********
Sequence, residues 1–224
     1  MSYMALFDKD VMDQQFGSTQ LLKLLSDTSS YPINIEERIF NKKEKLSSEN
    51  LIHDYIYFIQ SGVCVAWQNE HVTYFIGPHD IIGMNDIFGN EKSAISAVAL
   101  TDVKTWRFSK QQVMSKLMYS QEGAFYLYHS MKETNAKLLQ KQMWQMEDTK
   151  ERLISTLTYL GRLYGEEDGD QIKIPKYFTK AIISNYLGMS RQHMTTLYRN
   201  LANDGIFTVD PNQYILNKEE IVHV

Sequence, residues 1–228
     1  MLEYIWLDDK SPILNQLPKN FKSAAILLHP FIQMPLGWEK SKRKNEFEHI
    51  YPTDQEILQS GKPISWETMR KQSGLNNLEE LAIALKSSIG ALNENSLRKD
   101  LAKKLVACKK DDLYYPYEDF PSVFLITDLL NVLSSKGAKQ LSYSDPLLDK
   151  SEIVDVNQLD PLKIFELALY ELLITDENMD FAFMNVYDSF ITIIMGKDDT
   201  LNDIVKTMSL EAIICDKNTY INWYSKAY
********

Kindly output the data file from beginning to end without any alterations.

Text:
Sequence, residues 1–224
     1  MSYMALFDKD VMDQQFGSTQ LLKLLSDTSS YPINIEERIF NKKEKLSSEN
    51  LIHDYIYFIQ SGVCVAWQNE HVTYFIGPHD IIGMNDIFGN EKSAISAVAL
   101  TDVKTWRFSK QQVMSKLMYS QEGAFYLYHS MKETNAKLLQ KQMWQMEDTK
   151  ERLISTLTYL GRLYGEEDGD QIKIPKYFTK AIISNYLGMS RQHMTTLYRN
   201  LANDGIFTVD PNQYILNKEE IVHV

Sequence, residues 1–228
     1  MLEYIWLDDK SPILNQLPKN FKSAAILLHP FIQMPLGWEK SKRKNEFEHI
    51  YPTDQEILQS GKPISWETMR KQSGLNNLEE LAIALKSSIG ALNENSLRKD
   101  LAKKLVACKK DDLYYPYEDF PSVFLITDLL NVLSSKGAKQ LSYSDPLLDK
   151  SEIVDVNQLD PLKIFELALY ELLITDENMD FAFMNVYDSF ITIIMGKDDT
   201  LNDIVKTMSL EAIICDKNTY INWYSKAY